How are we all doing with Get Ahead Of The Games? That's the one stop shop for transport advice in the run-up to the Olympics. If our normal journey might be messed up because of activities at a Games venue near us, everything we might need to know is available in one place. Or that's the idea. There's certainly been a torrent of publicity, all those adverts and posters and billboards everywhere encouraging us all to check in and plan ahead. But if we've now visited the website, how comprehensive and useful has it been? Have we yet uncovered the specific information we might need? Or has the publicity perhaps peaked too early, before there's enough there to persuade us to act?
I ask, because we've recently been on the receiving end of the Olympic businessplanning drive at work. Certain activities might become more awkward during the Games, obviously, so the company doesn't want to get caught out. We've got specific people liaising, and coordinated meetings going on somewhere, and there's even been a representative from TfL in to give the company advice. You'd expect nothing less. So it's been somewhat disturbing to be at the bottom of the chain - an employee in a position of assumed ignorance - to see how little of this advice has trickled down.
At work we've not yet been told anything specific about the predicted travel problems in our part of town. Instead we've been directed to the GAOTG website, where there doesn't seem to be any specific guidance either. Instead there are borough-by-borough guides, covering a considerably broader area, and these are packed with almost but not quite specific information. Planning on travelling by bus? "Many bus services will operate more frequently and there will also be some diversions." Great, thanks, cheers. Planning on travelling by train? "Some stations and lines will be particularly busy, including <not the station nearest work>. You can minimise disruption to your journey by avoiding these stations at the busiest times." Nothing there of enormous help either.
Now I happen to know that there's much more detailed information elsewhere, most of it over at tfl.gov.uk/2012. This site has dire health warnings about congestion at umpteen stations on a half-hourly basis, all terribly useful, but nobody's directed us to this. It also warns which lines are likely to be busy when, because a slack station's no use if all the trains running through are rammed, but nobody's mentioned that to us either. There's a great deal my workmates should be concerned about, and many a commute that might become impossible, but nobody's pointed any of this out. Instead we've been sent the official dumbed-down message, essentially "there might be some problems, would you like to replan?" and that's not been motivational at all. Without specifics to guide us, nobody round my way's interested.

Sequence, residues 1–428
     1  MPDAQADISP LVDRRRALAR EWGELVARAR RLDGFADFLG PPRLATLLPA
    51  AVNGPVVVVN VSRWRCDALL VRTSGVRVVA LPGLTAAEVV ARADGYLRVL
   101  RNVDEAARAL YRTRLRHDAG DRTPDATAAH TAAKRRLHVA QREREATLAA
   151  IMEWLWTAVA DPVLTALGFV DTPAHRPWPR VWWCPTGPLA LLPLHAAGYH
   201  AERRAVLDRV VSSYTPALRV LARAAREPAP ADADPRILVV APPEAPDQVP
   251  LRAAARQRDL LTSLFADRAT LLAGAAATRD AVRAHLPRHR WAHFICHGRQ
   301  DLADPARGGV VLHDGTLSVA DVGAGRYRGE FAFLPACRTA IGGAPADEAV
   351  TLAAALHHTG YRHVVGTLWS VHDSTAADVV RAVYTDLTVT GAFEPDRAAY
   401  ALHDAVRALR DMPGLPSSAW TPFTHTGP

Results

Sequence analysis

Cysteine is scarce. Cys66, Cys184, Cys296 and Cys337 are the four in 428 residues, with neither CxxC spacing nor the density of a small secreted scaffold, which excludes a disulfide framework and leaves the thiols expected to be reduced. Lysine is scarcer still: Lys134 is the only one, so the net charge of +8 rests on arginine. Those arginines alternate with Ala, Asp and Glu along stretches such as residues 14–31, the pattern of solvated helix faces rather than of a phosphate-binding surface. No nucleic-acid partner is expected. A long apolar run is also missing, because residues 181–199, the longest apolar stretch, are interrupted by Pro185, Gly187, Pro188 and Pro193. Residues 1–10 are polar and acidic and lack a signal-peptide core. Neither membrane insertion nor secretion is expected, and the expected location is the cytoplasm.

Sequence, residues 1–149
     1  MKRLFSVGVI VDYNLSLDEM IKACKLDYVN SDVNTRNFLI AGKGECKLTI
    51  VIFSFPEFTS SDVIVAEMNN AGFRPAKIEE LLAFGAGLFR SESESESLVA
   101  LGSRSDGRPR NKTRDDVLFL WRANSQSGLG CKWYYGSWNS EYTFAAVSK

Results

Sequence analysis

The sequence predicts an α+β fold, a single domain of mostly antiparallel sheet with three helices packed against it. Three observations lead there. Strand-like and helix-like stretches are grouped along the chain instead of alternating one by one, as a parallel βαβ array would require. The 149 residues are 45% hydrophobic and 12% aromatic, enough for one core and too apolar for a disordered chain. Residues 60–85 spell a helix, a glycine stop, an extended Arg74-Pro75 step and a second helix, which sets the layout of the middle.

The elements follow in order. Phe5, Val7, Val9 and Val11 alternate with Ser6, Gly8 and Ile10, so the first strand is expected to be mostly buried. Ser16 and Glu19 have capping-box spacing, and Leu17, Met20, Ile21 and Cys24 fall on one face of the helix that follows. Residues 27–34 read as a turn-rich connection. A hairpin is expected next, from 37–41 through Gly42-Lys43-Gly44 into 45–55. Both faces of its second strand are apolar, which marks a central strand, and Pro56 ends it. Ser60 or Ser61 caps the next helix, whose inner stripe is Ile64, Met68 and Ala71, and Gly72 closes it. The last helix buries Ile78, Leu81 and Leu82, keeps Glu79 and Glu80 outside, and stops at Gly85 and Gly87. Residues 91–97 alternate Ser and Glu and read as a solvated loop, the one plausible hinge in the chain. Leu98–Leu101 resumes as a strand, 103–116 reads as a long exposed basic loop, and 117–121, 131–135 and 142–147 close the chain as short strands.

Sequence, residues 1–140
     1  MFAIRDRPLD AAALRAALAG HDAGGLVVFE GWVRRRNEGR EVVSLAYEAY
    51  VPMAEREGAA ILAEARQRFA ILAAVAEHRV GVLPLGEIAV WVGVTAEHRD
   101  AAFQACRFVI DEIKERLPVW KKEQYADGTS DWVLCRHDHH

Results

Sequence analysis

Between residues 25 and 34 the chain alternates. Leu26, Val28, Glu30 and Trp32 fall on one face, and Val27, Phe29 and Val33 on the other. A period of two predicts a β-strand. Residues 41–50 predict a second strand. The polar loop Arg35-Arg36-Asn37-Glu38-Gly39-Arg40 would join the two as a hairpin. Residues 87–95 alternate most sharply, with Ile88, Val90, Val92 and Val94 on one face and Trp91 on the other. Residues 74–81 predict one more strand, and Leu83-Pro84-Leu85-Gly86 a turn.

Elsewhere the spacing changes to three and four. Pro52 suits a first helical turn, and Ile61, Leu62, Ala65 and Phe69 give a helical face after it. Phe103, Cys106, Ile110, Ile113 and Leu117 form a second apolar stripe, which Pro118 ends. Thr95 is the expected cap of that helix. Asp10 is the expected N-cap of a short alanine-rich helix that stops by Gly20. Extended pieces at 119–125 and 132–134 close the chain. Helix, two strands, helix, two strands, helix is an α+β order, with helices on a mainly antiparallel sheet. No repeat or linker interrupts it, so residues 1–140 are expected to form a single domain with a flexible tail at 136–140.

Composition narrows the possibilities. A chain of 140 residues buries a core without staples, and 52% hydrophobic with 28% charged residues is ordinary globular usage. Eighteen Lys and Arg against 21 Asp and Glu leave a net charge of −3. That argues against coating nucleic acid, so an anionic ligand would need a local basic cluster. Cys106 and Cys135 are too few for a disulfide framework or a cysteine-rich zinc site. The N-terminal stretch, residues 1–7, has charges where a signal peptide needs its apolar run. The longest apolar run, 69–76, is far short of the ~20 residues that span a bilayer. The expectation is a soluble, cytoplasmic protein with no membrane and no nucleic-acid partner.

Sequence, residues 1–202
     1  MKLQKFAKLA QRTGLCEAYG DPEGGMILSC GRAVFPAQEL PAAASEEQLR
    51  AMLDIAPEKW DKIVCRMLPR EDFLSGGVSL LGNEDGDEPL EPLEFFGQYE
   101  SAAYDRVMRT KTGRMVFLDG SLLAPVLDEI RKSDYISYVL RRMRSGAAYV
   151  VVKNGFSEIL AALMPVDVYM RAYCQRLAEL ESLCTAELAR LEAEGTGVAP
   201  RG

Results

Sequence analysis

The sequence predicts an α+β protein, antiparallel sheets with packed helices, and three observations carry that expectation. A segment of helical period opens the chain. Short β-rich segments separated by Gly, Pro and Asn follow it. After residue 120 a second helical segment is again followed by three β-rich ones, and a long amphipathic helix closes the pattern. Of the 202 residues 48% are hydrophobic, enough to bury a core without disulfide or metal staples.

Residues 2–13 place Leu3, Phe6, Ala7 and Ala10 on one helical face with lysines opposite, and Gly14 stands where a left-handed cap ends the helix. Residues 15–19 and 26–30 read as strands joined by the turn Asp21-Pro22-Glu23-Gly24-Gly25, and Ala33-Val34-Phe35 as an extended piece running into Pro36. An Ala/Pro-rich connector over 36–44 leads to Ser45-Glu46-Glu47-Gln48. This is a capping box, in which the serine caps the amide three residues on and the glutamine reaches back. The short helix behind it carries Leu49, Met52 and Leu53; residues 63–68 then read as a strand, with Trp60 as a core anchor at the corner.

When the GAOTG email came round at work, most people concentrated on the interactive map, and played with that, not realising there might be anything better hiddenelsewhere. And the interactive map told them not to worry. Stations with issues are marked on the map by orange or red circles, with red meaning "exceptionally busy" and orange meaning "busier than usual". One of the main stations nearest work doesn't have a red or orange circle, not even if you move the timeline slider all the way across the top of the map, so everyone interpreted this as "it's OK, it won't be busy here, not ever". And that was it, they drifted off, opportunity lost.
Hidden in the smallprint at GAOTG is the news that the website shows only the "first round of information", and that "these are not all the stations that will be affected." We're promised more detail on National Rail services and stations, and additional information about DLR, London Overground and Underground stations. The slider at the top of the map will one day stretch back into the Torch Relay and ahead into the Paralympics, both of which were promised "soon" when the site was launched in January. But not yet. Olympic transport planners must have worked out by now that (for example) Wembley Park, Russell Square and Stratford International will be "busier than usual" during the Games, but for some reason the map's holding back on telling us this.
Expect a GAOTG website update soon, because back on 21st February they promised more information "over the next two months". But I fear they might find Londoners less than willing to notice. My work colleagues have all decided there isn't a problem, because there wasn't when they looked, and they'll only look once. GAOTG's initial poster campaign has encouraged us all to visit a website which doesn't yet reveal the full picture, so has probably lulled several commuters into a false sense of normality. We'll all notice eventually, I'm sure, but any assumption that Londoners might dutifully rearrange their summer has thus far proved wildly optimistic.